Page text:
“The Girl with the Dragon Tattoo” will leave its mark on you.

Dark, brutal and intriguing, the English-language version of the best-selling Stieg Larsson novel is as troubling and memorable as its Swedish counterpart that was released two years earlier. Its disturbing, almost mesmerizing, tone begins in the opening credits, which are a wonder to behold, and continues through to the last frame, enhanced by the incredible soundtrack written by Trent Reznor and Atticus Ross.

Mikael Blomqvist (Daniel Craig) is a reporter whose career was ruined after being found guilty of libel in a story about a powerful industrialist. As Mikael ponders his future, he receives an offer from an aging millionaire. Henrik Vanger (Christopher Plummer) wants to hire Mikael to investigate the murder of his niece, Harriet, who disappeared four decades ago.

Mikael goes to stay in a cabin on Vanger’s property, where several other members of the Vanger family reside — many of them without speaking to each other. Behind every pair of eyes there seems to be a secret.

Mikael himself was investigated before beginning his project on behalf of the Vangers. The researcher was Lisbeth Salander (Rooney Mara, “The Social Network”), a wire-thin, tormented young woman with multiple piercings, a wardrobe centered mostly on shades of black and, of course, a dragon tattoo on her back. Lisbeth may be anti-social and sullen, but she’s a brilliant computer researcher and hacker, and she soon joins Mikael as he uncovers family secrets and clues about Harriet’s fate.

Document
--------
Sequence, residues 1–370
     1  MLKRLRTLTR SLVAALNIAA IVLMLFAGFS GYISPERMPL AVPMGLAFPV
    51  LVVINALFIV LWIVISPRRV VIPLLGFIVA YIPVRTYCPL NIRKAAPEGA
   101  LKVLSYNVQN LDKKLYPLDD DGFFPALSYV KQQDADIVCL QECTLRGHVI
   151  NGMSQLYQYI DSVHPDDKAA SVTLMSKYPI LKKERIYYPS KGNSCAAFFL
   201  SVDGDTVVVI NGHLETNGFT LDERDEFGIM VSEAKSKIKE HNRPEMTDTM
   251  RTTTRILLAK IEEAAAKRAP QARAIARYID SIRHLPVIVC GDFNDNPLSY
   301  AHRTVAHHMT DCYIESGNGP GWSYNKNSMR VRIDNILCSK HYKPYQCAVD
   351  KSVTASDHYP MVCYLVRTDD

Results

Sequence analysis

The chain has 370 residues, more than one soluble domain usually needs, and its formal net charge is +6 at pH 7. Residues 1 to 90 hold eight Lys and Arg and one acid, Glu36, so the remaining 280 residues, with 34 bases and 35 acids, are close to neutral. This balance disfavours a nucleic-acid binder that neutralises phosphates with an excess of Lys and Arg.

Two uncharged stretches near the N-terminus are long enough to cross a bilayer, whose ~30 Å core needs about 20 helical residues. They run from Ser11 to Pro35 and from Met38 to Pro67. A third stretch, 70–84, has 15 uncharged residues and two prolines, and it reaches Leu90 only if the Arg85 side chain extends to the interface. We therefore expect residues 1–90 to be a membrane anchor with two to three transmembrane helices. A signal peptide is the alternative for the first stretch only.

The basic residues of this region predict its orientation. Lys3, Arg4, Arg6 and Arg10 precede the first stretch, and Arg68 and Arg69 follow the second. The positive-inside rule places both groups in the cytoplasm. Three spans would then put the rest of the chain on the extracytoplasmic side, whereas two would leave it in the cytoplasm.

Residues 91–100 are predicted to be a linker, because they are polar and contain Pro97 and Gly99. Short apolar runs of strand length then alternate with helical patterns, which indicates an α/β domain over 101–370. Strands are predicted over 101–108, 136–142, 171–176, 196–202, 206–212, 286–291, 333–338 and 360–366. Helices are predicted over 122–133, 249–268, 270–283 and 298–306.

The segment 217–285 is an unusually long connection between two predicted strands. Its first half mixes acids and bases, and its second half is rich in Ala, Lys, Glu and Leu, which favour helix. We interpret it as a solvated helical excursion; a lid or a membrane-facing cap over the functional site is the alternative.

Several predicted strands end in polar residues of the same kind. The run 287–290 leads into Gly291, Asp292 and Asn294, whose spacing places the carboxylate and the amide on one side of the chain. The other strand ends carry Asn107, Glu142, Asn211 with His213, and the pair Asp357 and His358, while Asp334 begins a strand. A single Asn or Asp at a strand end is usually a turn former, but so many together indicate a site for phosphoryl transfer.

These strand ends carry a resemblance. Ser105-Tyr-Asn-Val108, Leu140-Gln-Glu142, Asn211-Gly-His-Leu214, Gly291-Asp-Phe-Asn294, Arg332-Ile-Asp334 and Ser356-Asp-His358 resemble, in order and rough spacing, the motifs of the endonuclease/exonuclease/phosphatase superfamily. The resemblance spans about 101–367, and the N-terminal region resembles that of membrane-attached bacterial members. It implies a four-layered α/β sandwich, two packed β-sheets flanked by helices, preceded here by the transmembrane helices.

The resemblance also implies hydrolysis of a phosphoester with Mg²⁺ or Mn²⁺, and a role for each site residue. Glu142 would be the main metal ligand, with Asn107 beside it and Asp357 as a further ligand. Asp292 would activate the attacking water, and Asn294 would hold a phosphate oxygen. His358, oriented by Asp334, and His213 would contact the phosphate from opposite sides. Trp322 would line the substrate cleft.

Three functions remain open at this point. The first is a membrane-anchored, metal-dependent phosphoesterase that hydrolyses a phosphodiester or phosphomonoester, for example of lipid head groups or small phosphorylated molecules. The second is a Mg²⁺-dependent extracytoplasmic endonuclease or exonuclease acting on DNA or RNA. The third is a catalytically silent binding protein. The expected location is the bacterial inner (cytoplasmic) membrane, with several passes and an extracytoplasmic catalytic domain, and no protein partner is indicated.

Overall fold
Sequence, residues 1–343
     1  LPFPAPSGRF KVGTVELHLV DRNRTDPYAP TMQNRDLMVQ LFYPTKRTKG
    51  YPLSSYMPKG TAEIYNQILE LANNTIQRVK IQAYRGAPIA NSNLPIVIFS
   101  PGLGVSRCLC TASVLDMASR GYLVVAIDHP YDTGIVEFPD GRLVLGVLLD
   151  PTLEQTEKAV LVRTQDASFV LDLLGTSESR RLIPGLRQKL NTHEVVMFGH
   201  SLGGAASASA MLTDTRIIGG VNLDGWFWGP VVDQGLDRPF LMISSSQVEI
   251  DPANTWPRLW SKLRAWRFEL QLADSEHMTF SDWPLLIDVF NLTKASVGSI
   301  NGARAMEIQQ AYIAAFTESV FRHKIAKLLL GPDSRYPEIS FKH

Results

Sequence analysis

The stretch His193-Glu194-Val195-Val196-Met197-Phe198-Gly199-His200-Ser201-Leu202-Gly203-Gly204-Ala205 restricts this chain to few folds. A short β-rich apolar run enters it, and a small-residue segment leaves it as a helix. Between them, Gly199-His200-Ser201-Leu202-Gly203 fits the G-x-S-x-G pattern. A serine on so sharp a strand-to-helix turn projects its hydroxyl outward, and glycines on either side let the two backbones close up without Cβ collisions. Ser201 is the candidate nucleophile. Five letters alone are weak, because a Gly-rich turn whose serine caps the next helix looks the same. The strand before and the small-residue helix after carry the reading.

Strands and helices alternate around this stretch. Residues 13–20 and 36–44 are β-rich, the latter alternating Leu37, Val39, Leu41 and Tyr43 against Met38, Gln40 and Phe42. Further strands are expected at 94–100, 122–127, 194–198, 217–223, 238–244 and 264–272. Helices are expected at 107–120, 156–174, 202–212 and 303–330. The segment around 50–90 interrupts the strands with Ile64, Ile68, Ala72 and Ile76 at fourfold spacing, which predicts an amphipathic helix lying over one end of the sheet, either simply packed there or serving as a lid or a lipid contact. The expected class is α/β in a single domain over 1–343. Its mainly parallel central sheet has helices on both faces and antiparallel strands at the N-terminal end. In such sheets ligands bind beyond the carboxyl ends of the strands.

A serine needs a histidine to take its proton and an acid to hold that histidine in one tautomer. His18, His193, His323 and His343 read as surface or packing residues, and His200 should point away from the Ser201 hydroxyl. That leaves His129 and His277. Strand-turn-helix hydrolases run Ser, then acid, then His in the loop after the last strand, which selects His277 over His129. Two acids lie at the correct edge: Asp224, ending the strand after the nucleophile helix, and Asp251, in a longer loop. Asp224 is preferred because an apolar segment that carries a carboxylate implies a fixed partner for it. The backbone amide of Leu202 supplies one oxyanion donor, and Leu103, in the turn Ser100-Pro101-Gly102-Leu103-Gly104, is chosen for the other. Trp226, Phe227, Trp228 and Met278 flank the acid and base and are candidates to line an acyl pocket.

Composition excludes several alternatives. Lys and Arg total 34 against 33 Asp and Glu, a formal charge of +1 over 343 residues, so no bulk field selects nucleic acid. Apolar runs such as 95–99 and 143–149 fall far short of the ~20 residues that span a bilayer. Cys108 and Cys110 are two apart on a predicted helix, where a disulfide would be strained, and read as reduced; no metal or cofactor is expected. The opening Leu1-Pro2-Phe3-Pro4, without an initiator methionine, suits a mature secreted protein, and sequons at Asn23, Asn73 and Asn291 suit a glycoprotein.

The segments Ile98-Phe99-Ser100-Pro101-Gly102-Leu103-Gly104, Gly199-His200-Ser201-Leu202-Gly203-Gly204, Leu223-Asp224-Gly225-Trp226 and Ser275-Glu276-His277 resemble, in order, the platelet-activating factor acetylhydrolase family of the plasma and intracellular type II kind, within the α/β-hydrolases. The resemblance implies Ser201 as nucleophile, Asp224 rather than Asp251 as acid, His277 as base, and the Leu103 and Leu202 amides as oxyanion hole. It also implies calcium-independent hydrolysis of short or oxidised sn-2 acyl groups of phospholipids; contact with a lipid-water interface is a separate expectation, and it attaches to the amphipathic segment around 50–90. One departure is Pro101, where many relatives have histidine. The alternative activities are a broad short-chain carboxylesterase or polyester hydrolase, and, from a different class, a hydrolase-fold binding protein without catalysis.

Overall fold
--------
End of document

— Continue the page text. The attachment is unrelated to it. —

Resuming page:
Although Craig’s Mikael is interesting, it’s the character of Lisbeth that fascinates, saddens and affects the audience. Mara infuses her character with gloom and rage. Plummer, as always, does not disappoint, and neither does Robin Wright as Mikael’s co-editor at a magazine and Stellan Skarsgård as Henrik’s nephew, Martin. A vile character named Bjurman, who becomes Lisbeth’s guardian and brutally victimizes her, is played to detestable perfection by Yorick van Wageningen in a performance far removed from his character in “The Way.”

This is far more than another mystery. It’s a story of revenge, mental issues and ghastly secrets. Its “R” rating is justly deserved. Be forewarned that this material is not for the squeamish.

But if you enjoyed the book and appreciate drama with an edge, it is an experience that could be indelibly etched into your brain.